An insightful examination of a rarely studied aspect of World War II—the collaboration of Islamic political parties and...



The authors discern “an unbroken chain of terror” linking the spiritual and political leader of the Palestinians for much of the 20th century to Osama bin Laden.

Haj Amin al-Husseini (1895–1974) was a mentor to many modern Islamic fundamentalist and Arab leaders, assert Dalin (Hoover Institute/Stanford Univ.; The Myth of Hitler’s Pope: Pope Pius XII and His Secret War Against Nazi Germany, 2005, etc.) and Rothmann (Fromm Institute/Univ. of San Francisco). Spotlighting al-Husseini’s ties to Adolf Hitler and efforts to aid the Axis cause during World War II, they view those activities as precursors to radical Islamists’ present-day efforts to destroy Israel and attack the United States. Dalin and Rothmann have done extensive archival research, but their book is not a piece of sophisticated scholarship. They tend to dismiss the arguments of al-Husseini and his followers out of hand and take reflexively pro-Israel positions. At least their discussion of al-Husseini’s work with Hitler is evidence-based, which is more than can be said about later chapters. Trying to draw a direct line from al-Husseini to Muslim leaders of the modern era, the authors offer questionable broad-brush analysis. “For the young Saddam Hussein, the mufti’s vision of radical Islam was inspirational,” they write, “and others like Saddam Hussein came to regard the mufti as both hero and mentor.” They decline to note that Hussein, while strongly anti-Israel and anti-Semitic, ran a secular government sometimes at odds with Islamic fundamentalists. Dalin and Rothmann also engage in more speculation than is usually found in history books. Phrases such as “it is not impossible to imagine” are sprinkled throughout, and they include a chapter about where al-Husseini’s imagination might have taken him if he had envisioned what it would be like if Hitler had won the war.

An insightful examination of a rarely studied aspect of World War II—the collaboration of Islamic political parties and Middle East regimes with the Nazis—quickly evolves into a brief for the neoconservative worldview.

Pub Date: July 1, 2008

ISBN: 978-1-4000-6653-7

Page Count: 240

Publisher: Random House

Review Posted Online: May 20, 2010

Kirkus Reviews Issue: May 1, 2008

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The author's youthfulness helps to assure the inevitable comparison with the Anne Frank diary although over and above the...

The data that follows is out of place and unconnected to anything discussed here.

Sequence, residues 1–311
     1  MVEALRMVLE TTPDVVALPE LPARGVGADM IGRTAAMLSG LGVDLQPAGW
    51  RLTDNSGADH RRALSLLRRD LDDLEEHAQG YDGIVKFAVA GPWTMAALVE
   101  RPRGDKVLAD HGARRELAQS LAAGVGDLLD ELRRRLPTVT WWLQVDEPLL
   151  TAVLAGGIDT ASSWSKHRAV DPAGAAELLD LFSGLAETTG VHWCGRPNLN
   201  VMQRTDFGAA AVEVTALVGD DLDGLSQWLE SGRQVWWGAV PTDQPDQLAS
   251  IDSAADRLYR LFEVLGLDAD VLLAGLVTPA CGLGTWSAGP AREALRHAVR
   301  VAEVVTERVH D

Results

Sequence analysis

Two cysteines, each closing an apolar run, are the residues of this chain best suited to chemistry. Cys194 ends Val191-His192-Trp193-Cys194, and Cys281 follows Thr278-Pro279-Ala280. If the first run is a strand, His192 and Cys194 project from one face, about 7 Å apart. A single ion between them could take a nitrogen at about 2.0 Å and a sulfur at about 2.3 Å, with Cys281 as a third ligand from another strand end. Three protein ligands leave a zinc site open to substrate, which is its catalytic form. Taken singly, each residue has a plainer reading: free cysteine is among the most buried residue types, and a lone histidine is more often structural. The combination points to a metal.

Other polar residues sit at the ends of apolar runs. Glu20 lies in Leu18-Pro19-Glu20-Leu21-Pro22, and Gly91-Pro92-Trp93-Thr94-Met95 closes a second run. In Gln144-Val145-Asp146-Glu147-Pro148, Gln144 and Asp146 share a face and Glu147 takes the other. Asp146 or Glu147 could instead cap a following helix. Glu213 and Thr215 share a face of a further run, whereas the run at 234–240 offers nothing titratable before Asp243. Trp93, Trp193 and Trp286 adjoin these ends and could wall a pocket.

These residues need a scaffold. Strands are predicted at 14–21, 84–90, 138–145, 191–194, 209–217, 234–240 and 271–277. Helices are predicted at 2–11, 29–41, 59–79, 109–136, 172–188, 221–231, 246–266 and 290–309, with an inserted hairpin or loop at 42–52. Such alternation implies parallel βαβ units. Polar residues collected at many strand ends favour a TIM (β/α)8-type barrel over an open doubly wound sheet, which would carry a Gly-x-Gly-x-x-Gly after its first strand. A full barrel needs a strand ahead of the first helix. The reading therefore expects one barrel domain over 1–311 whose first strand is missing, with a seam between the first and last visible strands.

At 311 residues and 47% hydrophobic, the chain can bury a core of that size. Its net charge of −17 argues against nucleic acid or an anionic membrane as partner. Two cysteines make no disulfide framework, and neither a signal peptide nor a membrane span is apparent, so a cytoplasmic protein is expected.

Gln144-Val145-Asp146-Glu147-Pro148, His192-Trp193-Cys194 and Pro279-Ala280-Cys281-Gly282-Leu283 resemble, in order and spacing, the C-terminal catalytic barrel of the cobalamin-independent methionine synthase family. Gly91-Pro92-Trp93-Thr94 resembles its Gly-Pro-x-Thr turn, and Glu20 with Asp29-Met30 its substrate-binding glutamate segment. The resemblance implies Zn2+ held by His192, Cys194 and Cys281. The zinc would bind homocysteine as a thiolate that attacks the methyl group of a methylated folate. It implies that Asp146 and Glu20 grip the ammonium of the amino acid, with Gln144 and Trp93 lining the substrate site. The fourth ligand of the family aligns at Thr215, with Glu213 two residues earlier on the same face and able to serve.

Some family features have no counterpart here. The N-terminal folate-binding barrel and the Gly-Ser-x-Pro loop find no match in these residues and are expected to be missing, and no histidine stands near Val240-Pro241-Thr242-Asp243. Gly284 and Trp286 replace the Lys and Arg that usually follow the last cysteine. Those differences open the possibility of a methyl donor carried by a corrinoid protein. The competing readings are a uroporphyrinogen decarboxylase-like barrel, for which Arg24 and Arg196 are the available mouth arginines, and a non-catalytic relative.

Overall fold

Elie Wiesel spent his early years in a small Transylvanian town as one of four children. 

He was the only one of the family to survive what Francois Maurois, in his introduction, calls the "human holocaust" of the persecution of the Jews, which began with the restrictions, the singularization of the yellow star, the enclosure within the ghetto, and went on to the mass deportations to the ovens of Auschwitz and Buchenwald. There are unforgettable and horrifying scenes here in this spare and sombre memoir of this experience of the hanging of a child, of his first farewell with his father who leaves him an inheritance of a knife and a spoon, and of his last goodbye at Buchenwald his father's corpse is already cold let alone the long months of survival under unconscionable conditions. 

The author's youthfulness helps to assure the inevitable comparison with the Anne Frank diary although over and above the sphere of suffering shared, and in this case extended to the death march itself, there is no spiritual or emotional legacy here to offset any reader reluctance.

Pub Date: Jan. 16, 2006

ISBN: 0374500010

Page Count: 120

Publisher: Hill & Wang

Review Posted Online: Oct. 7, 2011

Kirkus Reviews Issue: Jan. 15, 2006

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For Howard Zinn, long-time civil rights and anti-war activist, history and ideology have a lot in common. Since he thinks that everything is in someone's interest, the historian—Zinn posits—has to figure out whose interests he or she is defining/defending/reconstructing (hence one of his previous books, The Politics of History). Zinn has no doubts about where he stands in this "people's history": "it is a history disrespectful of governments and respectful of people's movements of resistance." So what we get here, instead of the usual survey of wars, presidents, and institutions, is a survey of the usual rebellions, strikes, and protest movements. Zinn starts out by depicting the arrival of Columbus in North America from the standpoint of the Indians (which amounts to their standpoint as constructed from the observations of the Europeans); and, after easily establishing the cultural disharmony that ensued, he goes on to the importation of slaves into the colonies. Add the laborers and indentured servants that followed, plus women and later immigrants, and you have Zinn's amorphous constituency. To hear Zinn tell it, all anyone did in America at any time was to oppress or be oppressed; and so he obscures as much as his hated mainstream historical foes do—only in Zinn's case there is that absurd presumption that virtually everything that came to pass was the work of ruling-class planning: this amounts to one great indictment for conspiracy. Despite surface similarities, this is not a social history, since we get no sense of the fabric of life. Instead of negating the one-sided histories he detests, Zinn has merely reversed the image; the distortion remains.

Pub Date: Jan. 1, 1979

ISBN: 0061965588

Page Count: 772

Publisher: Harper & Row

Review Posted Online: May 26, 2012

Kirkus Reviews Issue: Jan. 1, 1979

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